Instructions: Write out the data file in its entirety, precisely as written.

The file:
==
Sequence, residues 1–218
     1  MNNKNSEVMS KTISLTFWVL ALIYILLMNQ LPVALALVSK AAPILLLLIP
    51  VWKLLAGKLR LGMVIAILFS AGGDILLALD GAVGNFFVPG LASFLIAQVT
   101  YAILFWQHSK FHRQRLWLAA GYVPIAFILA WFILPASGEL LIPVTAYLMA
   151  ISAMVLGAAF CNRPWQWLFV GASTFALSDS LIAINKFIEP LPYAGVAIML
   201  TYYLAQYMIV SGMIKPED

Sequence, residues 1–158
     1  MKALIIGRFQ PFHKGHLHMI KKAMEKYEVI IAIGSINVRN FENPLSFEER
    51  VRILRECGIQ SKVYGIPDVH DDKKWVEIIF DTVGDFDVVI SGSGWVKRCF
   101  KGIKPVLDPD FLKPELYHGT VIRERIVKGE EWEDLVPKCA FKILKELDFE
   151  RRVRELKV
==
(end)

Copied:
Sequence, residues 1–218
     1  MNNKNSEVMS KTISLTFWVL ALIYILLMNQ LPVALALVSK AAPILLLLIP
    51  VWKLLAGKLR LGMVIAILFS AGGDILLALD GAVGNFFVPG LASFLIAQVT
   101  YAILFWQHSK FHRQRLWLAA GYVPIAFILA WFILPASGEL LIPVTAYLMA
   151  ISAMVLGAAF CNRPWQWLFV GASTFALSDS LIAINKFIEP LPYAGVAIML
   201  TYYLAQYMIV SGMIKPED

Sequence, residues 1–158
     1  MKALIIGRFQ PFHKGHLHMI KKAMEKYEVI IAIGSINVRN FENPLSFEER
    51  VRILRECGIQ SKVYGIPDVH DDKKWVEIIF DTVGDFDVVI SGSGWVKRCF
   101  KGIKPVLDPD FLKPELYHGT VIRERIVKGE EWEDLVPKCA FKILKELDFE
   151  RRVRELKV